While you can’t rely on kettlebell flows alone to get you seriously fit, they should be a part of your workout repertoire. Why? Well, for a few good reasons.
First, turning your typically strength-based KB routine into a flow surprises your body, and variety is a solid way to stay on your toes and build strength, no matter your fitness goals. Second, they can help with coordination and the mind-muscle connection since you have to be locked in mentally and physically to flow through a series of movement patterns. Third, they’re fun and cool — and those are two elements that shouldn’t be so quickly overlooked, according to Sam Stauffer, Spartan’s Director of Training.
How to Craft Your Own DIY Kettlebell Flow
Check out Spartan Coach Trevor Franklin’s kettlebell flow-inspired VOD (video of the day) on the Spartan Fit app to get inspired. Then, consider a DIY approach to creating your own kettlebell flow, factoring in these guidelines:
1. Go Down a Bell Size
“Start with a kettlebell that's a little bit lighter than you normally use and see how that feels,” says Stauffer, adding that the weight should challenge you, but not break down your form. “That'll give you a baseline of, ‘That felt pretty good,’ or, ‘That didn't feel good at all, and my form was terrible,’ and you can adjust from there.”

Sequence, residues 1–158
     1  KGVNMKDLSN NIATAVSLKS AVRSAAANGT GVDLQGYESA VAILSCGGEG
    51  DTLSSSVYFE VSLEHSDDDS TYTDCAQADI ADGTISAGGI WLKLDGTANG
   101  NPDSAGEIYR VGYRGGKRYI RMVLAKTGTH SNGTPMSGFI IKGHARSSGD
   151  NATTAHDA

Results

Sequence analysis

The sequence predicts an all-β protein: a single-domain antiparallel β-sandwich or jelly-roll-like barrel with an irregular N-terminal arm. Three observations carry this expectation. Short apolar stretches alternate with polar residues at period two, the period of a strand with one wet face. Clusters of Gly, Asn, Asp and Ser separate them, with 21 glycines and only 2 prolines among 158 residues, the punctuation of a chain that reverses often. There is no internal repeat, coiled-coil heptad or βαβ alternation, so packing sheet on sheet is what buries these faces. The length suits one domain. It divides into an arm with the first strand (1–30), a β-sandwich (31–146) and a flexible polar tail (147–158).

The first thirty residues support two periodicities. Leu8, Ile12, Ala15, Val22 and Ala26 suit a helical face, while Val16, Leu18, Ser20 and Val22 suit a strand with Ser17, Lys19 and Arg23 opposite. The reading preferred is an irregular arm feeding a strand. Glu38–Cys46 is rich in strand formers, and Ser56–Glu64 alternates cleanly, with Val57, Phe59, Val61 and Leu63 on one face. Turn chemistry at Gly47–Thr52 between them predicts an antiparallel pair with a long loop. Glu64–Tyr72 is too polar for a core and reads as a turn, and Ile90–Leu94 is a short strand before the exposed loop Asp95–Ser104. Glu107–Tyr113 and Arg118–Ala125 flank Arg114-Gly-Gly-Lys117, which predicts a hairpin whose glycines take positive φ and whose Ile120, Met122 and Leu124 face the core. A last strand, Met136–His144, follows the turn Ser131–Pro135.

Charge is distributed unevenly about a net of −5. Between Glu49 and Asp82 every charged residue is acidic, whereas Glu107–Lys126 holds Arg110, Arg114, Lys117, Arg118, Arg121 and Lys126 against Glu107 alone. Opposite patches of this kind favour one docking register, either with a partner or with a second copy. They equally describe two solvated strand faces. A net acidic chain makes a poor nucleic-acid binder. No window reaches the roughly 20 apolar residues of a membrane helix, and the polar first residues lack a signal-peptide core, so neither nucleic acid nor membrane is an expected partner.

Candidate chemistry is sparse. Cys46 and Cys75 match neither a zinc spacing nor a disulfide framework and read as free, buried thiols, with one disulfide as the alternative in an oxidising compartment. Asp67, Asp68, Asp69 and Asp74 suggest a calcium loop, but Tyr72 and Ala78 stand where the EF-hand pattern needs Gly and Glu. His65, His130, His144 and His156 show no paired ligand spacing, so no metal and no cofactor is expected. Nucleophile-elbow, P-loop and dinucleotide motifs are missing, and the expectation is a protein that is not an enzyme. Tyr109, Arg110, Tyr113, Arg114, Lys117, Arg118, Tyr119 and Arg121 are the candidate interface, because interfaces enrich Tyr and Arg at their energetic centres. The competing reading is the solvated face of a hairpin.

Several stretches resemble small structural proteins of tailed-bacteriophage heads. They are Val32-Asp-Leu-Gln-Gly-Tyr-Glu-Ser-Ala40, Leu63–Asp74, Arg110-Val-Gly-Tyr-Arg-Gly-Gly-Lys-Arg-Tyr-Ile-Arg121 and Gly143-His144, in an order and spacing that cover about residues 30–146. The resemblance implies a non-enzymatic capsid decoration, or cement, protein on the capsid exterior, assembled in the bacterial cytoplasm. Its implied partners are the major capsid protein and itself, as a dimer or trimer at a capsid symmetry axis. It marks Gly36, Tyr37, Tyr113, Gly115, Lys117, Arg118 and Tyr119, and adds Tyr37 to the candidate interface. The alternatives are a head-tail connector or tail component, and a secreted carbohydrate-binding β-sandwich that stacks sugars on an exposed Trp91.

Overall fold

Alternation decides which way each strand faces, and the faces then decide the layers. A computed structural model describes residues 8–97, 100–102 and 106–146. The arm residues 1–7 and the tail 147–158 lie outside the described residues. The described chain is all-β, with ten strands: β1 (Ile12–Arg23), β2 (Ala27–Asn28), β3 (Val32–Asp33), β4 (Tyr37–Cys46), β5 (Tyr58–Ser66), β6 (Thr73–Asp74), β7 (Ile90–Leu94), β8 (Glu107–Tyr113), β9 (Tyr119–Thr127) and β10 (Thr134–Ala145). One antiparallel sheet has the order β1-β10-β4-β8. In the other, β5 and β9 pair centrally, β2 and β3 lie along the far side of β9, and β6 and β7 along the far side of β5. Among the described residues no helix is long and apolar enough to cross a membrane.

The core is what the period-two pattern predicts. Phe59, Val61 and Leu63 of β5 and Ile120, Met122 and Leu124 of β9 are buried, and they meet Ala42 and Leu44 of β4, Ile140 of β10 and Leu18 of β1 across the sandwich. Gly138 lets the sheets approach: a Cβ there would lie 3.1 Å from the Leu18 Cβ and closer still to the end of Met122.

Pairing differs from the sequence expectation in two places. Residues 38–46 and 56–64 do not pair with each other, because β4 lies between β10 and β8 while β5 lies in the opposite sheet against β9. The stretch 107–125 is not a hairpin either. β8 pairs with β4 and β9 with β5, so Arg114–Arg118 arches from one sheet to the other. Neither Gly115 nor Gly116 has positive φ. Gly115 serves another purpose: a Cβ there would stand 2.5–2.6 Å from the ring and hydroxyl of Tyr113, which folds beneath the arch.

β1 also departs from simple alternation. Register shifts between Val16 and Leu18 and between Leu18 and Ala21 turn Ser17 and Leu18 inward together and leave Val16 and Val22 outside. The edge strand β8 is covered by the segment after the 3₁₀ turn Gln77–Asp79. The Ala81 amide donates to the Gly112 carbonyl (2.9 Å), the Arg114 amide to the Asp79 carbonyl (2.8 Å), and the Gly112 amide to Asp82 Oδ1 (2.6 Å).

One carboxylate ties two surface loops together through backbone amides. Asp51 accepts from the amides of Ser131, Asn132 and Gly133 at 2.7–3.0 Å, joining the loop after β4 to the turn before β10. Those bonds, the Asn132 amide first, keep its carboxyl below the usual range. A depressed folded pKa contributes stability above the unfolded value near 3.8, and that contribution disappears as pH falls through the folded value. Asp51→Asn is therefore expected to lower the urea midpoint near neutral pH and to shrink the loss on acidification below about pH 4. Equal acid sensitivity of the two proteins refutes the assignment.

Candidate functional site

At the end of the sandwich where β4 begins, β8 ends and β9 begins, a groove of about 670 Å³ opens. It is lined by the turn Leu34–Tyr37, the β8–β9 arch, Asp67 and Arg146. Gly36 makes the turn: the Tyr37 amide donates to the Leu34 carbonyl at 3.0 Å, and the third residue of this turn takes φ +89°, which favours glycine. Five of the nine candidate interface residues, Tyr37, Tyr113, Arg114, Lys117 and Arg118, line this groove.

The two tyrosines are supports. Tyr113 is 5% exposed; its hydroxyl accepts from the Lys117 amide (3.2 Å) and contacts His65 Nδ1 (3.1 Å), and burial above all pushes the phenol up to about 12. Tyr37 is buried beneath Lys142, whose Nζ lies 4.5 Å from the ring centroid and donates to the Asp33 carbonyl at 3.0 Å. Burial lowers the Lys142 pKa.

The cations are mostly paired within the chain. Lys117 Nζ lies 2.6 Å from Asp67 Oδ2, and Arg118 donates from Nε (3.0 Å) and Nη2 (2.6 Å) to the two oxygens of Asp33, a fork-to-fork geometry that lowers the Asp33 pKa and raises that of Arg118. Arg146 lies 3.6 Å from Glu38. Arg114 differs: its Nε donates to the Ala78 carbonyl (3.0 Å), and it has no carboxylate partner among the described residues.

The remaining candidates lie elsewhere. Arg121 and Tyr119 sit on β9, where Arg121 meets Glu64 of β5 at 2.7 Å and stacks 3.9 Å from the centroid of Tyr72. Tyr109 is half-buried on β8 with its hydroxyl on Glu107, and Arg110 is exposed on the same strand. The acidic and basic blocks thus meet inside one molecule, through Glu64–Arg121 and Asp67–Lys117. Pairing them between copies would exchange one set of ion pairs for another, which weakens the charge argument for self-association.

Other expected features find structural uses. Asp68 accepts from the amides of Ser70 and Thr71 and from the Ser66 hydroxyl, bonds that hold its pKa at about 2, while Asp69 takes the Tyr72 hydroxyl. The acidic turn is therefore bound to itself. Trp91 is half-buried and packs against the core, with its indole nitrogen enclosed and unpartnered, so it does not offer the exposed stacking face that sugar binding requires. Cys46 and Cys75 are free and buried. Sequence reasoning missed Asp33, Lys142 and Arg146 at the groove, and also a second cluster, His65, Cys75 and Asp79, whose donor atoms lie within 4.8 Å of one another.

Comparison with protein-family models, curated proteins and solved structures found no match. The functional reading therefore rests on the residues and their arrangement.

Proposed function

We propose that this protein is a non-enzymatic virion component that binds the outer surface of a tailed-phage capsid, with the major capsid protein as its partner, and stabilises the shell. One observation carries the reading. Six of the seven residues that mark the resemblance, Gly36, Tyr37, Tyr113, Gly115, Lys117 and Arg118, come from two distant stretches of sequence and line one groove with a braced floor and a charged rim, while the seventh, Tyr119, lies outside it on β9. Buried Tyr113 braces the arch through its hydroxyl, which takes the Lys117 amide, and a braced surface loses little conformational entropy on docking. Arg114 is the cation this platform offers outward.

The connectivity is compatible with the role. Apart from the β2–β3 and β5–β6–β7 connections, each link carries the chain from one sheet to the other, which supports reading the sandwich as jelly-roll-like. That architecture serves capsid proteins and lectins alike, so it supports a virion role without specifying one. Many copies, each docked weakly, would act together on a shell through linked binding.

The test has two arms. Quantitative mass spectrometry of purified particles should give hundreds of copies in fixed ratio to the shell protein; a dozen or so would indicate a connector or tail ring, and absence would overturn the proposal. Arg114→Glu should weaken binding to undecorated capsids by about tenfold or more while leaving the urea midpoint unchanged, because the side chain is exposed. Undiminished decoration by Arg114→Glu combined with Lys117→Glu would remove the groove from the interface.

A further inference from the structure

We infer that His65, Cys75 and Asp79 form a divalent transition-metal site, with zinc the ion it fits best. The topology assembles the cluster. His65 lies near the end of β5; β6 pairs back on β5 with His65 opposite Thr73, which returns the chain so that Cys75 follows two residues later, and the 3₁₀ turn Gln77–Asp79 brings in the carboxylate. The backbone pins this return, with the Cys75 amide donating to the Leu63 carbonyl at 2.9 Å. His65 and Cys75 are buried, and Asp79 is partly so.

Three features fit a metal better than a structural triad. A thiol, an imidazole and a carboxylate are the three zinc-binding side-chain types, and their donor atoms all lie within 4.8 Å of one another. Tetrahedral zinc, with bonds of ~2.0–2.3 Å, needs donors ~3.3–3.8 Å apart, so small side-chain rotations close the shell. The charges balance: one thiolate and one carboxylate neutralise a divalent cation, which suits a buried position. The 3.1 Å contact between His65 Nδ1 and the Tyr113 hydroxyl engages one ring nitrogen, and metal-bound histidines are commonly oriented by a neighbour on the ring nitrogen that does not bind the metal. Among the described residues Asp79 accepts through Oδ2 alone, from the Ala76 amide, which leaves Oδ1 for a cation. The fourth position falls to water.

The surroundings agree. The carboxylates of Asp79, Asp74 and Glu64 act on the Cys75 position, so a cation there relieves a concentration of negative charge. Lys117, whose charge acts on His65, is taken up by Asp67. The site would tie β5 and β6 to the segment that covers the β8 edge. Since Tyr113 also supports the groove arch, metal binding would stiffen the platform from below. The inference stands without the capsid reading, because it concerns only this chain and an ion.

2. Don’t Skip the Warm Up
Stauffer recommends a dynamic bodyweight warm up. “You'll find that a lot of people use the kettlebell in their warm up, and I can't say that that's a hundred percent wrong, but I think you're asking for trouble,” he says. “The idea behind a warm up is to prepare your body for the workout.” Try one of the dynamic warm-ups on Spartan Fit before getting after it.
3. Pick the Right Moves, In the Right Order
“The important thing for a kettlebell flow is finding moves that make sense,” says Stauffer. Choosing five random KB moves and flowing them together probably isn’t going to work. Use these fundamentals instead of winging it.
Start with the KB clean + press + squat.
“One flow that I like is the kettlebell clean to press to squat,” says Stauffer. Then, customize it. “You can add a press after the squat, before the squat, or both,” Stauffer says.
Use swings to transition.
“You can transition the double or single-arm swing pretty easily,” he notes. “You can swing right into a snatch or a clean.”
Rack first, then flow.
“Once you get into that racked position, which can typically be done by either cleaning it up, or deadlifting and then readjusting, your options for movement really open up,” Stauffer says. “You can lunge, you can side-lunge, you can squat, you can overhead press, you can swing, you can squat thrust.”
4. Do More Rounds Than Reps
Let’s take the first example above: the KB clean + press + squat. Stauffer recommends doing just one rep each (on each side) on the first round, two reps on round two, three reps on round three, and up the ladder you go. But don’t surpass four reps. “I guarantee you, once you get to four of each, you're going to be burnt.”